Speaking of dogma and its results, there is an African story from the Yoruba which illustrates this perfectly. The Yoruba tell of the god Edju (Eshu/Edshu) who makes and wears a hat that has four colours, white, red, black and green. He walks through a village and two men on either side of him see their version of the hat and go to war over their views. If one reads the original story as told by Leo Frobenius in his 1912 book Und Afrika Sprach (Voice of Africa), you will find out that these men were very close friends who were well known to Edju as he walked the same path every morning. You will also note that the colour of the hat he used to wear before he changed it was black. Sounds like there might be a lesson in anthropology here. Anyway, through a strategy of ‘divide and conquer’ Edju successfully brought strife between the two friends. Same hat…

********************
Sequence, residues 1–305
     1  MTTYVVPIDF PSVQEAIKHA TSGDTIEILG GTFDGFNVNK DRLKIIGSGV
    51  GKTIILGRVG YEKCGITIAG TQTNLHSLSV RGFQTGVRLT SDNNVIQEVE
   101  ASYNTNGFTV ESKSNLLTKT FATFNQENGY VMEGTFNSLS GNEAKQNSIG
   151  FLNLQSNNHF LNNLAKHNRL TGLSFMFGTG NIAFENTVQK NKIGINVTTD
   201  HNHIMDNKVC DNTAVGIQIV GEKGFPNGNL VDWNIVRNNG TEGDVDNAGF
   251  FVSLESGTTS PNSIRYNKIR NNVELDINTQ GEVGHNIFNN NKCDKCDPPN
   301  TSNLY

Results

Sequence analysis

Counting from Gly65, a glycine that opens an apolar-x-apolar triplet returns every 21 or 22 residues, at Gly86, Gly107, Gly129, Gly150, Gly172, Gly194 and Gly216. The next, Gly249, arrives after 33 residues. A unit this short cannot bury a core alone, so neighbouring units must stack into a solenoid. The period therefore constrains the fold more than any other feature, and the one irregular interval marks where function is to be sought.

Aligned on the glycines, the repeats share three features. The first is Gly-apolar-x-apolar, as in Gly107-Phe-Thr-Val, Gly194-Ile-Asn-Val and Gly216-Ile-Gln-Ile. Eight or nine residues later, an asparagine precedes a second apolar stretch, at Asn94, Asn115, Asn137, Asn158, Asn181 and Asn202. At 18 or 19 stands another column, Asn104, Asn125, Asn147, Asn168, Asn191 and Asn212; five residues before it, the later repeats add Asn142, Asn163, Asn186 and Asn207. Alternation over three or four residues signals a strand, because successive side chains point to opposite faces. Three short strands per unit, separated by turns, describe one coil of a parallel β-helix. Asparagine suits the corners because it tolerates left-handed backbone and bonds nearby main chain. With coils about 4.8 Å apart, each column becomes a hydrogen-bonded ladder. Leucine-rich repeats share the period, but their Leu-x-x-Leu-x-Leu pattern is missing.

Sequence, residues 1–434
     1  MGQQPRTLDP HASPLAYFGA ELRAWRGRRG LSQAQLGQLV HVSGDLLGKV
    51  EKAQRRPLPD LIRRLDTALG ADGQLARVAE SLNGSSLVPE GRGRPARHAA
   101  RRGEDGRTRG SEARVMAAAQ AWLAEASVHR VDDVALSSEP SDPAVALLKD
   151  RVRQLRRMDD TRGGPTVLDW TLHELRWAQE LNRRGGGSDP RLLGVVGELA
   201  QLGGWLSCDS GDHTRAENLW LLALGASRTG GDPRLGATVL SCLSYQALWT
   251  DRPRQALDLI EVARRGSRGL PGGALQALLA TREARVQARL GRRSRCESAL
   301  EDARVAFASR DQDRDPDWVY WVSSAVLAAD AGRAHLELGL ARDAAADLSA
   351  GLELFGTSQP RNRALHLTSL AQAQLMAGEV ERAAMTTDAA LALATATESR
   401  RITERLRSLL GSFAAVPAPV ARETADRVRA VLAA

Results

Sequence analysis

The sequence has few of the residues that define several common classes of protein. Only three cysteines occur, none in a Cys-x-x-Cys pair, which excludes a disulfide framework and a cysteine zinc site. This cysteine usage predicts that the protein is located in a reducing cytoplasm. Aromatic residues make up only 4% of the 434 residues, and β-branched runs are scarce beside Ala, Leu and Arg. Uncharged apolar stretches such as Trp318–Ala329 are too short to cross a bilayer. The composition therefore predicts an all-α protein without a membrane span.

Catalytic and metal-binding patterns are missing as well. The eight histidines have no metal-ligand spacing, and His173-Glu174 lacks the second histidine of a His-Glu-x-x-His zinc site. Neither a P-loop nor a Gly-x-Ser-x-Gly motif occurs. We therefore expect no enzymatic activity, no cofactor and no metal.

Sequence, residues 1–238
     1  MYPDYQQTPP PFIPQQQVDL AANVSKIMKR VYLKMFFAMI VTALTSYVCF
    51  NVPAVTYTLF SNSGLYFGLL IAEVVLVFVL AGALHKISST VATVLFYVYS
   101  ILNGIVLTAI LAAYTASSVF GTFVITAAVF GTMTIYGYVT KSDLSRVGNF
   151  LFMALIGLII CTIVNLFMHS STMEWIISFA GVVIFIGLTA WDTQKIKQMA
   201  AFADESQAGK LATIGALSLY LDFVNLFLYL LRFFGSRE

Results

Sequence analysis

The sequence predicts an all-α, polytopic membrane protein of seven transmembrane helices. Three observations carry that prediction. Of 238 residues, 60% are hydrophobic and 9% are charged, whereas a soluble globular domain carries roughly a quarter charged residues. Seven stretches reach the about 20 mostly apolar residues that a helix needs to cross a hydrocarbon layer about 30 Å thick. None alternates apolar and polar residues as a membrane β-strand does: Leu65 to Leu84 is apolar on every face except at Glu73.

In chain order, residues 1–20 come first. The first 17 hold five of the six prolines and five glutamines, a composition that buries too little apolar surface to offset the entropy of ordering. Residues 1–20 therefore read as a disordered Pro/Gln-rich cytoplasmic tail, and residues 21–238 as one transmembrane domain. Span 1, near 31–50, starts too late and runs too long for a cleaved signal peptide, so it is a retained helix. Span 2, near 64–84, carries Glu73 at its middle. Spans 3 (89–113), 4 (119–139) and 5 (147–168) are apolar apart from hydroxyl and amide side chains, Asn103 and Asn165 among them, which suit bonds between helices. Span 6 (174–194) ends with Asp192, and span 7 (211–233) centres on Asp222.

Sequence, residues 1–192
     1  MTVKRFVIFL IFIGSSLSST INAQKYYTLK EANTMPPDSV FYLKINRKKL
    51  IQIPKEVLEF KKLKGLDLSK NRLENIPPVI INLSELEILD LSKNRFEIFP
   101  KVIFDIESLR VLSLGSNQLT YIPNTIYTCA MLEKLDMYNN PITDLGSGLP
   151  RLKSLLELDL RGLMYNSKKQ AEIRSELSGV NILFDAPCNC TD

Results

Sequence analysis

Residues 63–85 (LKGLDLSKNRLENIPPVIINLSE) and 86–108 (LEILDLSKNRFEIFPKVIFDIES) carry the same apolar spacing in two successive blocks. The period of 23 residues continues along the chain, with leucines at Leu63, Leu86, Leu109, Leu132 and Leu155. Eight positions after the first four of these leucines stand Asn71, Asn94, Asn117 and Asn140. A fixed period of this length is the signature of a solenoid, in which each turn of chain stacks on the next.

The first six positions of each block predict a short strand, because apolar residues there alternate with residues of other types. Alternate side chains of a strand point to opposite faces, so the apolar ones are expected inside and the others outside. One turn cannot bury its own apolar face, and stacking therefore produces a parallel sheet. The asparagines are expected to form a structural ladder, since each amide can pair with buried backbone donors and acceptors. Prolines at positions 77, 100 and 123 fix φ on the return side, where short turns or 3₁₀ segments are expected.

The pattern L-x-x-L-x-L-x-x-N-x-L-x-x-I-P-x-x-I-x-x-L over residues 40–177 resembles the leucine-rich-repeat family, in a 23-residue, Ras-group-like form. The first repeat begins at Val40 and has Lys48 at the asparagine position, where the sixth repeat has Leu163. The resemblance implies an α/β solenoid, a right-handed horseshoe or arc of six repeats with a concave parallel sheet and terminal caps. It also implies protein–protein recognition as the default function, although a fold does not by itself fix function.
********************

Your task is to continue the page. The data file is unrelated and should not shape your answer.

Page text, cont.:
There is a follow-up to the story that results in the near-destruction of the entire village as they tried to catch the trickster-god.
Does this sound familiar?
So, what is conviction? It is knowing there is an exit. It is daring to know there is an exit. Having the courage to know there is an exit. Kant says, “The motto of enlightenment is therefore: Sapere aude! Have courage to use your own understanding!” You must write poetry after Auschwitz. If you’re an African American who has experienced racism first hand, for example, you must take the racist imagery and turn it on its head in order to find healing (see below):
Saying “I can’t” is the lazy person’s way of dealing with the exit/the call to adventure. Going back to Kant’s (pun not intended – lol) response to the question, What is Enlightenment? he says:
Laziness and cowardice are the reasons why such a large proportion of men, even